This project's funding goal was not reached on July 20, 2014.
About this project
This is a story about food and community.
The story follows five ambitious, talented chefs and a community of food producers building up around them on the New Hampshire Seacoast.
This is a story about collaboration.
All five of these chefs work in their own, competing establishments in a community with more restaurant seats than residents. Yet all of them educate each other, work with each other, and share their resources to elevate the quality of food all over the community.
This is the story of five chefs that do better together than they would apart.
We believe this spirit of cooperation is what makes them work so hard, what pushes them toward greatness, what makes them thrive.
The five chefs: Matt Louis from Moxy, Mark Segal from Demeters Steakhouse, Evan Mallett from Black Trumpet Bistro, Gregg Sessler from Cava, and Evan Hennessey from Stages at One Washington. We'll follow them from their kitchens, to the farms they visit, to private special after-hours collaboration projects, to special dinner events open to the project. Their food has gotten them each national attention, and it's no coincidence.
Don't worry, this isn't a story about celebrity chefs.
These chefs are just a corner of the community that's developed around Portsmouth, and all of them would probably balk at being named the centerpieces of this movement. We're also documenting the excellent and growing community of farmers, foragers, cooks, and business people that have made this cultural moment tick. This is about ego giving way to fellowship and true cooperation, and we're all eating better, more local, more ethical, more honest food because of it.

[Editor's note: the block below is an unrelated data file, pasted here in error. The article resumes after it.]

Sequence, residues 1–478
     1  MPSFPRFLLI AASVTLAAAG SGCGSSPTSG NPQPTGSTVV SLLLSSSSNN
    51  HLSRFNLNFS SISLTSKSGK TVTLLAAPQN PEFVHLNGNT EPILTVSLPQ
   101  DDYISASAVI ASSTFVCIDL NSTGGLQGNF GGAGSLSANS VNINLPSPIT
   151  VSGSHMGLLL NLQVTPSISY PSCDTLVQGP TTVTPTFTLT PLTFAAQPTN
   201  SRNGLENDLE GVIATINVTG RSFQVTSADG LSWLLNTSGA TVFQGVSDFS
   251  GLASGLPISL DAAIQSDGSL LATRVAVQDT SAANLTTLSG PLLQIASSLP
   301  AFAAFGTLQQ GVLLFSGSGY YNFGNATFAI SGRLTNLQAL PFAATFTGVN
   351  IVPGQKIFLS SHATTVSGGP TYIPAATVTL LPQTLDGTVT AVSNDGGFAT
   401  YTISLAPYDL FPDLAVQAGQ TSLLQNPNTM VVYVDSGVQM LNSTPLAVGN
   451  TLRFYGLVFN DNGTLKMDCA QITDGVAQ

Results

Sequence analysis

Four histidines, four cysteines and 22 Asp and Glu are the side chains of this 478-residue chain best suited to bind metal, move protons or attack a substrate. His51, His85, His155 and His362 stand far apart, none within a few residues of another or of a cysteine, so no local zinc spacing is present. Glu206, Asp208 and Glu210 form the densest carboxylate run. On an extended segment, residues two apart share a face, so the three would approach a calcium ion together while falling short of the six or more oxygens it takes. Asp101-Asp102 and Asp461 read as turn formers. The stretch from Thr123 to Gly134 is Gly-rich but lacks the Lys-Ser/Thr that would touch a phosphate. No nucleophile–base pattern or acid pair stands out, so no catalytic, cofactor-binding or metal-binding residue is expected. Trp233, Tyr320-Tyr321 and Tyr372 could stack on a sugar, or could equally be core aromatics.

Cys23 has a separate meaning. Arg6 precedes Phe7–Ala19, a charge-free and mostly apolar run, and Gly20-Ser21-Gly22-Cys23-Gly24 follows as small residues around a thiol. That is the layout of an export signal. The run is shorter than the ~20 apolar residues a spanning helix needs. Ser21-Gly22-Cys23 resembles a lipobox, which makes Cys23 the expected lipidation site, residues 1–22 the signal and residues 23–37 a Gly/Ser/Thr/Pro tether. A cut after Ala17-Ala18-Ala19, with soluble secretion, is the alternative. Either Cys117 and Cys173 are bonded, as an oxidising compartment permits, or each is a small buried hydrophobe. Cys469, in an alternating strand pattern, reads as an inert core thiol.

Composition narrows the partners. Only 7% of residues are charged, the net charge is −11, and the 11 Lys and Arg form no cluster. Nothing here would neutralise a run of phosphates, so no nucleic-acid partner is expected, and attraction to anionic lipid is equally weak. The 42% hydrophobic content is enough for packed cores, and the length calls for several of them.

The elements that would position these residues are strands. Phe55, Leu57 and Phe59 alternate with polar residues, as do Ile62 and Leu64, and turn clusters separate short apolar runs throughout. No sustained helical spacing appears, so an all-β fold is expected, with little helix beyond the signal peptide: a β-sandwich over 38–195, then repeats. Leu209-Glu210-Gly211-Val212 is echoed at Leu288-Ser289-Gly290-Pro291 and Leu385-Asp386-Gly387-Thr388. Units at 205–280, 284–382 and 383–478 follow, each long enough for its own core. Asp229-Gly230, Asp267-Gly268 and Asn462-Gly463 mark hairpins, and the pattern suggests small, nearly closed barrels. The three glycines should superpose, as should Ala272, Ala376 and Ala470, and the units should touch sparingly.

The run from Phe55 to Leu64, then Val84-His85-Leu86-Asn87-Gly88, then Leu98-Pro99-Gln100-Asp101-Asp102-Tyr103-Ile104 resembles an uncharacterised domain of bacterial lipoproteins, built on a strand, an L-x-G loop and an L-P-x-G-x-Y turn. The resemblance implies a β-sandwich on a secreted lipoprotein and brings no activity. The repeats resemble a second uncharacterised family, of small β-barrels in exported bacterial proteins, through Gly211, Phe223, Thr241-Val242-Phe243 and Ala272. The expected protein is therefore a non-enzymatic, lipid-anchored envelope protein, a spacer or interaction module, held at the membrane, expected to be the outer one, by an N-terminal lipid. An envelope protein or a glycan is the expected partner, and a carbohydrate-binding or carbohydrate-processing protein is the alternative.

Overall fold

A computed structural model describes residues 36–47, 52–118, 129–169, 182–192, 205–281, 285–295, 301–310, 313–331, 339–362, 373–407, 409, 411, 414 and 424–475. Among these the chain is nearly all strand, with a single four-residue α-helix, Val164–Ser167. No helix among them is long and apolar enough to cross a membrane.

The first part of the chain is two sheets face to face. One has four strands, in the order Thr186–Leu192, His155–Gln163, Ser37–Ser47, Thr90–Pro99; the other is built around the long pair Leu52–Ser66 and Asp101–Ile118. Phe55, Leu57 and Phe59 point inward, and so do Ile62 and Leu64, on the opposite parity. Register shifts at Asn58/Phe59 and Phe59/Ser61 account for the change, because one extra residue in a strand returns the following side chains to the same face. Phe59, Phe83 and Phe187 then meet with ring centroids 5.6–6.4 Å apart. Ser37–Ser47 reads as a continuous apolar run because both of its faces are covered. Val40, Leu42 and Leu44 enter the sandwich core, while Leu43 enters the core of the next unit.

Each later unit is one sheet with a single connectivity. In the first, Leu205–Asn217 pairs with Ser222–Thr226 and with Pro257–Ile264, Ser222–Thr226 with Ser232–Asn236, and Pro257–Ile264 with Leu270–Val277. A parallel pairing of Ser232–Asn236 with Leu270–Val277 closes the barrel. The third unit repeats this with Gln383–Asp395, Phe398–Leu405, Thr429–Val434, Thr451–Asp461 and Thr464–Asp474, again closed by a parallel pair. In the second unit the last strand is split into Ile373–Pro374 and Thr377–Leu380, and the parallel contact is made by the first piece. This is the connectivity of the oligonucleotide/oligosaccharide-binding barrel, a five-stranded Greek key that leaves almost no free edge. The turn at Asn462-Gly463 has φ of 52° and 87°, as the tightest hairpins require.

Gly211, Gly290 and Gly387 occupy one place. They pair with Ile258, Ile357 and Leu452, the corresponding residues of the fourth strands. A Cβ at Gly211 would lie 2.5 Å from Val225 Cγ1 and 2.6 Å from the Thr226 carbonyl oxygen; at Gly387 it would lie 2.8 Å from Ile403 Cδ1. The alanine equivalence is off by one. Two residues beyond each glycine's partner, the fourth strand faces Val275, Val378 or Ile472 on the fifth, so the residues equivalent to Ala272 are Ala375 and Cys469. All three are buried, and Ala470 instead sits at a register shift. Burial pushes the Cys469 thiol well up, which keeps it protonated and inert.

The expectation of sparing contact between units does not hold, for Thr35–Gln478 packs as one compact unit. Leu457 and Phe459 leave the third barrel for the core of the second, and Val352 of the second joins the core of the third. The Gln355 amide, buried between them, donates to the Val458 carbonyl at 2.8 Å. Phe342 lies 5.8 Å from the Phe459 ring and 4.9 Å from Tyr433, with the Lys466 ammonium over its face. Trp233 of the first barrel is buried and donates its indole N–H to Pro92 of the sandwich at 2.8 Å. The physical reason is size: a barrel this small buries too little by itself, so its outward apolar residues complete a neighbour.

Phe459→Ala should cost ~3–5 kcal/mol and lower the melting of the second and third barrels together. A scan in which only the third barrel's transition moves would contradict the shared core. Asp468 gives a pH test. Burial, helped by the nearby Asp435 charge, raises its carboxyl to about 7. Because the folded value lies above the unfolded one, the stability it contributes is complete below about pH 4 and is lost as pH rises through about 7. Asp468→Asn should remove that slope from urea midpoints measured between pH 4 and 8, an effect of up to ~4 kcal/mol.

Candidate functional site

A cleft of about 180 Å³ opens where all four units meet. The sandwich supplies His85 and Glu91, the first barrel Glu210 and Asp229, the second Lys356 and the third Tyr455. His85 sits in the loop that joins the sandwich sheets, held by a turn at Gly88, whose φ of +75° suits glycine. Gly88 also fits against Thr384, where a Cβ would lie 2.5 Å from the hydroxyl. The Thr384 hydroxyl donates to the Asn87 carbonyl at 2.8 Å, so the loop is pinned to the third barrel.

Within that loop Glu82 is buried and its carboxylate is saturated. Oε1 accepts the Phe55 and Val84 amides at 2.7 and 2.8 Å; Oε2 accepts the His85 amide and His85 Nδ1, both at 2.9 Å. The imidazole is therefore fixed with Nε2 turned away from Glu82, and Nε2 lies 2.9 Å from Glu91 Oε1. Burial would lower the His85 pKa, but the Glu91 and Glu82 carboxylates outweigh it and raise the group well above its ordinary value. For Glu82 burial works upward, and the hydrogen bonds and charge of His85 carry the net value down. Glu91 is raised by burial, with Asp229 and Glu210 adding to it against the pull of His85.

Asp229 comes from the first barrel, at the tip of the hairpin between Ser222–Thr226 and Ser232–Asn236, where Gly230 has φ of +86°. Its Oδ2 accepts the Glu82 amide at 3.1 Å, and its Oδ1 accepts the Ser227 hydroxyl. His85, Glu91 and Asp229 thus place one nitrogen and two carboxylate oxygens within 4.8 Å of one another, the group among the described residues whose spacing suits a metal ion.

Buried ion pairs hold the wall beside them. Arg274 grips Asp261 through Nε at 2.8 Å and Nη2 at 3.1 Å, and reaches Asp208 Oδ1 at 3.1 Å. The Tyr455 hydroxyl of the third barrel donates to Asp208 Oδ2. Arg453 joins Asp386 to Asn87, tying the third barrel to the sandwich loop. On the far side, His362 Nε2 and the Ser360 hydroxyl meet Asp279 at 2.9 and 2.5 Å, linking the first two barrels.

We believe we've found a kind of collaborative success that anyone in any field can appreciate and repeat. We want people to walk away from this documentary feeling inspired;like this is something they can do with whatever they do.
This isn't New York, or LA, or Paris. This is the NH Seacoast, and something great is happening here. It can happen anywhere. It probably is happening elsewhere. We're just watching the phenomenon here and showing it to you as honestly as we can.
We started filming this earlier in 2014 and quickly discovered that we didn't have the right equipment or crew. We borrow equipment, but what we can get is not what we need to tell this story. We realized we need our own lights, our own sound. When one of the chefs sends a message at 8am and asks us to come to a farm in an hour, we need to be ready.
Also, as we are observers that eventually will wind up with hundreds of hours of footage, we understand we cannot edit this all on our own. We approached one of the best video production companies in New England: Anchor Line, who have generously agreed to help on this project at reduced rates. They will help us sort through our footage when we have enough to tell you this story and help us edit together something you will want to watch. And they can do it! They made this video.
If you're someone who cares about food and community, or you're someone who is building in their own community, or you're simply a person that knows that we're more together than we are separately, this is a film you will want to see.
Thank you for considering this project. Take a look at our rewards. Look at the chefs. Look at us.
What do you say? Collaborate with us?
Risks and challenges
A chef could lose their restaurant/job and that might affect one of the rewards, but it won't affect the ability to create a good documentary. If this were to happen, we would still find a way to give out a comparable reward.
We plan to film over the course of a year. Then post-production takes time. So our estimated time of arrival for rewards could be way off. But we will get rewards to people in a timely manner when available.Learn about accountability on Kickstarter
Have a question? If the info above doesn't help, you can ask the project creator directly.
- (30 days)